Of course, the committee has to come up with something to justify keeping the CSU brand (or lack thereof) out of the tournament. It sounds like it found the one weak spot associated with this year’s CSU team and keyed in on that. The Rams’ weak spot is… the Kenpom rankings. Kenpom is an advanced ranking system using, among other things, adjusted efficiency statistics. CSU’s Kenpom ranking this year didn’t line up with the rest of their resume. They ranked 68th.

Here’s the chairman of the committee, Scott Barnes, as quoted in the Coloradoan: “When you think about Colorado State, their RPI was fairly strong but the other metrics that we use weren’t nearly as high in terms of ranking.” He’s obviously referring to Kenpom, or Sagarin (CSU ranks 57th) or BPI (also 57th).

But this leaves Colorado State fans (and coaches and players) screaming something along the lines of: SINCE WHEN HAS THAT SHIT MATTERED?!

For years, coaches at mid-major programs have been told to get their RPI up. We’ve all been told the RPI is a crucial tool for the selection committee, even if we’ve known the formula is antiquated and not a solid way of ranking the best teams in the country. So what does the committee do when a mid-major like CSU combines clever scheduling and a lot of wins to produce an excellent RPI that essentially guarantees tournament entry?

It decides that, in this case, the RPI is no longer important.

Yeah, now– NOW– it’s time to move on from the RPI and use more complex ranking systems. That pretty fucking coincidental timing, if  you ask me.

Colorado State was projected by every single bracket-projector-person to be in the field for a reason. Jerry Palm and Joe Lunardi and Patrick Stevens aren’t picking their favorite teams or the teams they think are deserving. They are projecting what the committee will do. The committee has a set of guidelines to use. They have historical tendencies from previous tournaments. And every single person that studies and projects brackets for a living deduced that said tendencies and guidelines meant CSU was in. What all the bracket experts and analysts failed to consider was that the committee can ignore their guidelines and tendencies whenever they want if it serves a bigger and better brand name.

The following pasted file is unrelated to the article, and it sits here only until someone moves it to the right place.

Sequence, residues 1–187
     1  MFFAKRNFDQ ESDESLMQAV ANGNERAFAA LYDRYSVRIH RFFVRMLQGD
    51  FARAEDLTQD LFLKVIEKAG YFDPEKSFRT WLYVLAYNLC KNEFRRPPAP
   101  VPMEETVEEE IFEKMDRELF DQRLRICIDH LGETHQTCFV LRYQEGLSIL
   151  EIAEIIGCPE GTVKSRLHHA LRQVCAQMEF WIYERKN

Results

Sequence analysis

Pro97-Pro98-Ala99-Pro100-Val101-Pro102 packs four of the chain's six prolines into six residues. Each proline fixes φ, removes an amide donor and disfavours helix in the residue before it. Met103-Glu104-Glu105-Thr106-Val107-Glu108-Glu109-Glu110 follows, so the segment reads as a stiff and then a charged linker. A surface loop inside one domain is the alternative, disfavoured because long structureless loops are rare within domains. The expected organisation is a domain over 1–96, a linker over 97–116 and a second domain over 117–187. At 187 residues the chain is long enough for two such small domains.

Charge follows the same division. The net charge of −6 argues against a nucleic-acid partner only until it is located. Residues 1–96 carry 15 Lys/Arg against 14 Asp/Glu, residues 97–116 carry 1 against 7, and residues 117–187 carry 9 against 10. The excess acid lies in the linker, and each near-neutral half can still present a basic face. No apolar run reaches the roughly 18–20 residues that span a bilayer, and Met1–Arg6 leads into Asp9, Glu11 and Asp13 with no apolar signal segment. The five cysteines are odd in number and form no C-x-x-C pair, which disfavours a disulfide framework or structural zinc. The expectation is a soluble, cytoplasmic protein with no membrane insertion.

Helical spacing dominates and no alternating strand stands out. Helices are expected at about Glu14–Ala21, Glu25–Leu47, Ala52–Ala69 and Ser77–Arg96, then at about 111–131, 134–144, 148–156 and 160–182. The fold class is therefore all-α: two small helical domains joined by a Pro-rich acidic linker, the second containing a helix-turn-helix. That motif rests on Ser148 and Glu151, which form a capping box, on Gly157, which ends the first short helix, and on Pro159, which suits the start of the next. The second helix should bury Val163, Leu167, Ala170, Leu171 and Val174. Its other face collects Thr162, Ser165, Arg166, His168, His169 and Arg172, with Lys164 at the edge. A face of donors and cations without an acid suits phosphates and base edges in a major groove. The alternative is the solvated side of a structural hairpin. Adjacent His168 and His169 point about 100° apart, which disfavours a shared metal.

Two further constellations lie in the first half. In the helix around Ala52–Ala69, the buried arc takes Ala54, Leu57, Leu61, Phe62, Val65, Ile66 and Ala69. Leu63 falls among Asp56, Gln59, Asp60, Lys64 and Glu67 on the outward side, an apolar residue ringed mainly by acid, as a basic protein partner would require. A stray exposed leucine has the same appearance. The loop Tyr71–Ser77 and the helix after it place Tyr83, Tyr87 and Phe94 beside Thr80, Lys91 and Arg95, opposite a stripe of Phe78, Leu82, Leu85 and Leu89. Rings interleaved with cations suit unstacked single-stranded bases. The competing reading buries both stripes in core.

And for the love of all that is holy, WOULD YOU ASSCLOWNS JUST ADMIT THAT CONFERENCE AFFILIATION DOES MATTER?  You were never going to take four teams from the Mountain West; it would be great if you could just acknowledge that.

I’m also tired of hearing people play the “what-if” game. CSU let one slip at Boise in January. CSU shouldn’t have lost at home to Wyoming. CSU should have played JJ Avila against San Diego State. If a school like CSU wants in, they need to win their conference tournament.

This is all bullshit. CSU didn’t need to do any of those things. They did enough. They were in.

That’s the bottom line for me:   CSU did enough to get into the tournament. They did more than enough. And the committee found a way to keep them out. Whether that was a sudden, newfound emphasis with very peculiar timing on advanced metrics like Kenpom or a focus on conference RPI and keeping the number of Mountian West teams to a minimum, they simply found a way to keep them out. And they did it because they wanted bigger, better brand names in the tournament.

If you believe for one damn second that if the roles were reversed and UCLA or Texas was considered by all the bracketology experts and analysts to be comfortably in the field the way CSU was, and if CSU was considered a longshot bubble team like UCLA or Texas were… If you believe for one damn second that the committee would have balls to shock everyone and put CSU ahead of those brands, you are absolutely insane.